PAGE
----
In order to Power Pleasure Walk, you must simply start walking at any pace you deem comfortable.  Look at your pace and the rhythmic nature of your pace.  Now add in breathing to your walk.  Take a deep breathe and then let it out, matching the pace of your walk with one breathe in for every two to four steps, and then one breathe out for the same number of steps. Then after about a minute of doing the walking and breathing at the same time, increase the ratio of breathing to steps to one breathe every four to six steps.  If, however, you don’t like that ratio, do something that feels comfortable to you, just making sure the breath in has the same number of steps as the breath out.  After at least five minutes, you will notice that everything becomes clearer and that it doesn’t seem so bad.  I have even used this technique sometimes in between going from one room to another during mediation. 

But what if it is not convenient to take that five minute walk.  Well studies have shown that simply looking at pictures of nature instead of urban environments can help to decrease stress and make you think clearer – in other words clear your head.  So load up all those pictures of Yosemite, the ocean, and Hawaii on your computer and prepare to unleash those pictures when the stressful moment requires it.

Another technique is to give yourself a timeout. Now that I think about it, I don’t know why as a child I didn’t like timeouts.  Now, I love them.  Five minutes to yourself to do nothing.  How luxurious is that?  If that stressful situation arises and you are about to respond, think about taking that 5 minute time out before you respond.  I know that this technique has saved my marriage countless times.  It has also helped me to avoid saying something that I might not want to during a mediation.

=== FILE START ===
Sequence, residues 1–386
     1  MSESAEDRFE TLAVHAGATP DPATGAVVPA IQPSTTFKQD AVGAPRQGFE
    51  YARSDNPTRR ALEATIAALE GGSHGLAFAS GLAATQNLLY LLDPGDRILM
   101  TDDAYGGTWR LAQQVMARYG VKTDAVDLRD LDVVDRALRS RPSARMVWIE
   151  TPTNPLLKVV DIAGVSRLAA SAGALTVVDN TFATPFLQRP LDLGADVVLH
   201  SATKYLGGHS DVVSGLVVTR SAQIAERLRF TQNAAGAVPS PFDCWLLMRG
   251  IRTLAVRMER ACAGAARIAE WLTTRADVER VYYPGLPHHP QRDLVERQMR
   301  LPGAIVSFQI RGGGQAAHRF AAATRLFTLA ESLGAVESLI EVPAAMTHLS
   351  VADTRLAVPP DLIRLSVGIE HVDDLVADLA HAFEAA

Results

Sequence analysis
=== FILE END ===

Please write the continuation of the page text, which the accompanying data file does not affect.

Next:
This next technique inadvertently comes from a friend of mine who always changes the topic when a stressful issue comes up in the discussion.  She always seems so comfortable and stress free. So I tried it.  In one case, I was mediating a case and addressing a very difficult and emotional issue relating to the merits of the case. When I was involved in a discussion that was too stressful for the person hearing it, I simply changed the topic.  You could immediately see the tension decrease in the room.  Later, when the tension had subsided, and when the party was ready, I raised the tough issue in another way.

One technique that I use at any time, during any stressful situation, is to simply remind myself (internally) that “it is not about me; it is about them and their worries; they are not targeting it at me.”  For attorneys, you might say something like “I didn’t create this mess; I am just here to help them out of this mess.  I am not the cause, I am the solution.”

One thing that you can do to remind yourself of your own private mantra is to create a signal that only you know and that is inconspicuous.  If you remember in the movie, It’s a Wonderful Life, one of the characters always tied a string around his finger to remind him to do something.  You could do something similar.  For example, you might put a small amount of pressure on your gums by your teeth biting down on your gum.  Another reminder could be to pinch your toes together in your shoes.  A third option is to tighten your abdominal muscles (this one could have other physical fitness benefits also).  Find your own personal reminder and use it when the going gets tough.

Stress management during crisis is an important life skill that can be used in any stressful situation.  For mediators and attorneys that have to face high stress situations on a daily basis, these skills could very well be life saving.